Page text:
Women's health groups have secured better menstrual health education to raise awareness about endometriosis.

Up to one in 10 Australian women have endometriosis, which can cause severe, debilitating pain and symptoms including fatigue, abnormal periods, infertility and nausea.

Dr Susan Evans from the Pelvic Pain Foundation says it is one of the cause behind 20 per cent of teenage girls missing school because of period pain.

“Education is the way forward to avoid future generations of girls and women suffering as their mothers have,” Dr Evans said.

The Federal Government this week announced the development of an action plan for the gynaecological condition.

“This condition should have been better acknowledged and acted upon long ago but today we are taking action so the struggle that women face will no longer be silent or their battles private,” Health Minister Greg Hunt said in a statement.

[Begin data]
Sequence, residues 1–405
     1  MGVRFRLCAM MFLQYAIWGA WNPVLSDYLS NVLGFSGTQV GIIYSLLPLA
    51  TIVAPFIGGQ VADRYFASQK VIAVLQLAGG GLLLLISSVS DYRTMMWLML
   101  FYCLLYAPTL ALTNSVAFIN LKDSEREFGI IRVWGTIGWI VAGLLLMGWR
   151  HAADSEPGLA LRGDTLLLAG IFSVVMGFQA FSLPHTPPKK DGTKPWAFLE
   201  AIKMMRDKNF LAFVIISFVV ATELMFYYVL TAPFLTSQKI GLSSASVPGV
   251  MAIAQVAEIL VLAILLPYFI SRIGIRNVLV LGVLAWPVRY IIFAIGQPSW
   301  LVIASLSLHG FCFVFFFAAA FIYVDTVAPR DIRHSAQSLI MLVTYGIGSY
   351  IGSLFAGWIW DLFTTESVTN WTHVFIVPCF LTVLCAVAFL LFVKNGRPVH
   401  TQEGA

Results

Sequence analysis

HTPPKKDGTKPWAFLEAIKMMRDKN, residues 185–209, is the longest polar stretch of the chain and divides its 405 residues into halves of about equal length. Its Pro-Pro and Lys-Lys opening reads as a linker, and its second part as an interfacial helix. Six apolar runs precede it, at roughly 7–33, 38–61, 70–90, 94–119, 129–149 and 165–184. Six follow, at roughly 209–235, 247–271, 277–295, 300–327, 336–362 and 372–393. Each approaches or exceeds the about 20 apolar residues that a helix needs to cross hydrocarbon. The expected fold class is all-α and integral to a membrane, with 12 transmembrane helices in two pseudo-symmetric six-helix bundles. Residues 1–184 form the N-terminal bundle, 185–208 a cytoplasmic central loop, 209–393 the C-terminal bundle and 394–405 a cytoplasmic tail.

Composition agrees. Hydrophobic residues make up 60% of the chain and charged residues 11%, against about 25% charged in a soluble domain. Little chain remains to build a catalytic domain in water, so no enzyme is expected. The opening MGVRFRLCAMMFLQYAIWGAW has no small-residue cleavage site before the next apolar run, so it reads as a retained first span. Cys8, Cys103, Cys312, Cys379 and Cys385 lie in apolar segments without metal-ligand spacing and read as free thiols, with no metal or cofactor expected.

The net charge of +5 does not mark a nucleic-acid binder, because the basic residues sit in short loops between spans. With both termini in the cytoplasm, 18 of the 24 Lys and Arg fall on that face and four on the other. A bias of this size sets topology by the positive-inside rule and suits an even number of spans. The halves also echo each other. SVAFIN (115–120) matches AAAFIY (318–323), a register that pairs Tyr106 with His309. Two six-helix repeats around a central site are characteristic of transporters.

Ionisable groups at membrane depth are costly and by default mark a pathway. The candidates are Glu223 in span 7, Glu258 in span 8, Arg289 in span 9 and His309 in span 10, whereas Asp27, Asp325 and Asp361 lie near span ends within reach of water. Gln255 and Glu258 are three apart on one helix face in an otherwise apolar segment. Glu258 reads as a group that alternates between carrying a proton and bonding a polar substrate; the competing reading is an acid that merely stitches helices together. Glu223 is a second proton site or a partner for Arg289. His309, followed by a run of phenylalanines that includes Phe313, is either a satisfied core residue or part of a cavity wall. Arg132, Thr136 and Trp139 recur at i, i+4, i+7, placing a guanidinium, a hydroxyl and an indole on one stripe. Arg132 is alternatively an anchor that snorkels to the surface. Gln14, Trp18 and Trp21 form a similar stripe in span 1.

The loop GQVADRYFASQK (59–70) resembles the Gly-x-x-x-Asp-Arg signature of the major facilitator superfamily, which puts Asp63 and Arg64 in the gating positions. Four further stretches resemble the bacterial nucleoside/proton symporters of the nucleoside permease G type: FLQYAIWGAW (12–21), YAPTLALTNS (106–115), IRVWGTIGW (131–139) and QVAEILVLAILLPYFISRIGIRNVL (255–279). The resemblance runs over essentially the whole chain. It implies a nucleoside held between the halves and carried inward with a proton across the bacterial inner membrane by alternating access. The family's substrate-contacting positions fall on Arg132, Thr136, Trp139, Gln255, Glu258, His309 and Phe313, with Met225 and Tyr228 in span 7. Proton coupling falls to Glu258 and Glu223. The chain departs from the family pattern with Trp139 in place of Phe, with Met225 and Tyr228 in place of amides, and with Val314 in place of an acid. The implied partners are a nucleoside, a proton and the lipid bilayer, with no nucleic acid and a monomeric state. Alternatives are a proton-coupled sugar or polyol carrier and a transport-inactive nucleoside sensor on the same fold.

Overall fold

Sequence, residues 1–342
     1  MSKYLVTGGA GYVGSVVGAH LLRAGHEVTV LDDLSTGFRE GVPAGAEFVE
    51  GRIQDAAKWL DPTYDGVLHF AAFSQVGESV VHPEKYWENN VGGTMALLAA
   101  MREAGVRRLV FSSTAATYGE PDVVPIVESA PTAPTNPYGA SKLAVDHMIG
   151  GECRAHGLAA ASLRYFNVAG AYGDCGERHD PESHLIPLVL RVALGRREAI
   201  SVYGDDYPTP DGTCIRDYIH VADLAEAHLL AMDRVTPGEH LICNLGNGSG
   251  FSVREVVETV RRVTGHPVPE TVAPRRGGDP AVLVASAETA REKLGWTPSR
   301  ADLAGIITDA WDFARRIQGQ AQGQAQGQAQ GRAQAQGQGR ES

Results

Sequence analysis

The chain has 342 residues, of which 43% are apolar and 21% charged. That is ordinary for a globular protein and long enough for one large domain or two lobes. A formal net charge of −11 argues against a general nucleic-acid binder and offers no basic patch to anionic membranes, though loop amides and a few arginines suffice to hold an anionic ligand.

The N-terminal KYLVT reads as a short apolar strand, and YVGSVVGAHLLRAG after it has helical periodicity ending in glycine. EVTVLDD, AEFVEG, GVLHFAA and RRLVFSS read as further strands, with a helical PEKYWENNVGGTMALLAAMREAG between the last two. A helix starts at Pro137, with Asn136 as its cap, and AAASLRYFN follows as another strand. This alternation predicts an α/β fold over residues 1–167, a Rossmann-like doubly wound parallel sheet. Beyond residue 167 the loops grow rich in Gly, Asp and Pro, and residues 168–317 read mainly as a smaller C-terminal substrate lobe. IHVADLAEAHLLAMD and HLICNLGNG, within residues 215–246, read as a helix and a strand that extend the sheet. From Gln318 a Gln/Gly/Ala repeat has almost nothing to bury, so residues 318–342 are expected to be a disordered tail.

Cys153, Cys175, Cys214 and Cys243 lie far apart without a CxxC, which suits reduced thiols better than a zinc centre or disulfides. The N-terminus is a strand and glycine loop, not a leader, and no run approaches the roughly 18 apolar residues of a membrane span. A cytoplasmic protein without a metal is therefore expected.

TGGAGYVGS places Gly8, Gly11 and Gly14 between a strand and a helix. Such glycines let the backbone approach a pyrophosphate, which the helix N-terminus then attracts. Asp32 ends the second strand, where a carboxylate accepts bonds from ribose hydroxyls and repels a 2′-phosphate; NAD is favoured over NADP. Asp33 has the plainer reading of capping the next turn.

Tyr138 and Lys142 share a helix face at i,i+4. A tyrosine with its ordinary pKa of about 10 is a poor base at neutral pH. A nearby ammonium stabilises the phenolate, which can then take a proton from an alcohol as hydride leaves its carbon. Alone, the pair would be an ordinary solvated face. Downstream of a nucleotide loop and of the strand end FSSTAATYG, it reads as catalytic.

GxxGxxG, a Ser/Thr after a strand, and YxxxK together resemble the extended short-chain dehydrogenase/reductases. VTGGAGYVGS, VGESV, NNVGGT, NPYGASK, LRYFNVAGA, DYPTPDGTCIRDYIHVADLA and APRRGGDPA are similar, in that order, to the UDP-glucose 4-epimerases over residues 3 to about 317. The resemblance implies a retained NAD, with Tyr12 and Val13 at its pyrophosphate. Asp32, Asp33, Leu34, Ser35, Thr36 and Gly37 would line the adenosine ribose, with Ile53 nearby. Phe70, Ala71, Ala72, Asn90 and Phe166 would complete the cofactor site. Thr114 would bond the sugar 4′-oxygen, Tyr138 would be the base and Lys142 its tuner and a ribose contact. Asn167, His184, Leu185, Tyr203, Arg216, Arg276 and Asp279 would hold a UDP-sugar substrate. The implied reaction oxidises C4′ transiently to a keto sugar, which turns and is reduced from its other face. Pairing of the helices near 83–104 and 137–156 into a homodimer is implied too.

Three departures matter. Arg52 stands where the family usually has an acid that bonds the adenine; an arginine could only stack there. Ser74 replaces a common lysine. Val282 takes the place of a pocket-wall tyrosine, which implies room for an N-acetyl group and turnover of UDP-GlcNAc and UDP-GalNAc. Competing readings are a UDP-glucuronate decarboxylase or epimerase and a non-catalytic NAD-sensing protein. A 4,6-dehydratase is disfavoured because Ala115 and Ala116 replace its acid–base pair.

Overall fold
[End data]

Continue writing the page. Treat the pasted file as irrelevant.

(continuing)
“We will work with the medical community and key stakeholders to look into what gaps might be present in training, support and care.”

The action plan will be developed in collaboration with the Australian Coalition for Endometriosis and members of the Parliamentary Friends for Endometriosis Awareness.

The announcement includes a research grant of $160,000, through the National Health and Medical Research Council, for Professor Grant Montgomery to use genomics to investigate better treatments for women with endometriosis.

The Australian Coalition for Endometriosis is comprised of patient groups including EndoActive, the Pelvic Pain Foundation, medical research groups like the Hudson Institute of Medical Research and the Universities of Adelaide, Melbourne and NSW.

In August this year, the group ran a pilot menstrual education program in 10 South Australian schools, based on menstrual health and endometriosis education provided in New Zealand secondary schools since 1995.

A detailed evaluation of the program will be published early next year.